School district budgets throughout the state of Pennsylvania are tight.
So when the Northwest Tri-County Intermediate Unit, which provides special education supports for students in the Warren County School District and the other 16 member districts in Erie and Crawford counties, reported an $8.8 million general fund balance while raising prices to the districts, people started asking questions.
Those questions, answered through a financial audit, reveal approximately $14.1 million currently in the possession of the IU in a variety of accounts that should rightfully have been allocated to the member school districts.
The IU was contacted by the Times Observer on multiple occasions for comment and indicated that a press release would be forthcoming, but declined to indicate when the release would be available. Any additional questions were directed to the IU solicitor.
The audit, obtained by the Times Observer last week, claimed that the "IU management established financial policies that derived your clients (school districts) and the tax payers they represent."
According to the audit, funds were accumulated over multiple fiscal years and frequently placed in "deferred revenue" accounts. "In the case of the IU, a deferred revenue liability would exist if a governmental entity and/or the member districts had paid for services that the IU had not rendered at the end of any given date." Of the $14 million, $11,325,616 was in such accounts.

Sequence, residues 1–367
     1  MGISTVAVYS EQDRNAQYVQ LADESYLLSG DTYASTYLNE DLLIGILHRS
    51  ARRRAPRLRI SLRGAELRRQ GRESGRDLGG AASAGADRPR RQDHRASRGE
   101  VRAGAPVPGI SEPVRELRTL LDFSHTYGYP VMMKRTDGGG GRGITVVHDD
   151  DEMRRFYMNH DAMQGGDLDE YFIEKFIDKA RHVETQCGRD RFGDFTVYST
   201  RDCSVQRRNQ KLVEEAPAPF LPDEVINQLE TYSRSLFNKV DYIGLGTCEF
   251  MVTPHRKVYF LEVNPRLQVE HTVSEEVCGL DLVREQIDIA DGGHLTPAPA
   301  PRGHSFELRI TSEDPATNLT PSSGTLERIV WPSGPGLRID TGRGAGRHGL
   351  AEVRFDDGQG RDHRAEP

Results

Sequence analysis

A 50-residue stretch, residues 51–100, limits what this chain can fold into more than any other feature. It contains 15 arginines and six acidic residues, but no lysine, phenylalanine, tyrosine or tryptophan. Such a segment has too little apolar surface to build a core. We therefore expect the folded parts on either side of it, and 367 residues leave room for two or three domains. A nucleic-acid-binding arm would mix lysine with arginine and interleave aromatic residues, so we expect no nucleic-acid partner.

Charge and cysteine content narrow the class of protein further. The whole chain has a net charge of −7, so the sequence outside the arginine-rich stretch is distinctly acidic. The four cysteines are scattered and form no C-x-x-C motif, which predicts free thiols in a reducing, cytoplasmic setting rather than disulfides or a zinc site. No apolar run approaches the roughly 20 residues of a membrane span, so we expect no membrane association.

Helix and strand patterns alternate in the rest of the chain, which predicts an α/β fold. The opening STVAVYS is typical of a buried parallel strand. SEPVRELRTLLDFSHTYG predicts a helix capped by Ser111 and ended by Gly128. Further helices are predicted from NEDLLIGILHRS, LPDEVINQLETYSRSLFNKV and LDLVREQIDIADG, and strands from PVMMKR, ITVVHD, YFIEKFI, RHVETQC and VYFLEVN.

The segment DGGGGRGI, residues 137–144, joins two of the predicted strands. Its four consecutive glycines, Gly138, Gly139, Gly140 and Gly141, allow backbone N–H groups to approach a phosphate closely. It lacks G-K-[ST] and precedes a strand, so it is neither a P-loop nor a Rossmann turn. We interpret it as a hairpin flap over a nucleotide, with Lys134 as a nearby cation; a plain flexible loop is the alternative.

The audit alleged that "the financial policies of the IU were established by the management team that was in place at any given point in time. These policies were not approved or known by the IU Board based on our review of the Board minutes and interviews of management." As a result, the IU "was able to establish cash-hoarding policies disguised as legitimate business transactions that in the aggregate concealed millions of dollars" from the districts.
For example, the cyber-services account contained $936,995 in June of 2011, accumulated through program profits. At the conclusion of the fiscal year, $500,000 was transferred, without board knowledge or approval, from that account to a general fund account to "cover the costs of the program," according to the audit.
Noting that each district that participates in the program pays a $8,000 consortium fee, the audit concluded that "the IU since the inception of the program has overcharged the participating districts and has an obligation to return the finds. Second, and most importantly, the transfer of $500,000 from that account to a general fund revenue account is a conscious diversion of funds by IU management that can only be described as bad conduct, which may have serious consequences."
While an agreement has been reached to return $5 million to the member districts, the remaining $9 million has yet to be settled.
In their conclusion, the auditors indicate that the IU "accounting records are incomplete and financial reporting to the board is deficient." Adding that the "IU management was uncooperative and lacked candor" through the audit process, the audit notes that the IU is "in good financial condition but has some excess funds which can be retained to aid the 17 school districts in these difficult economic times."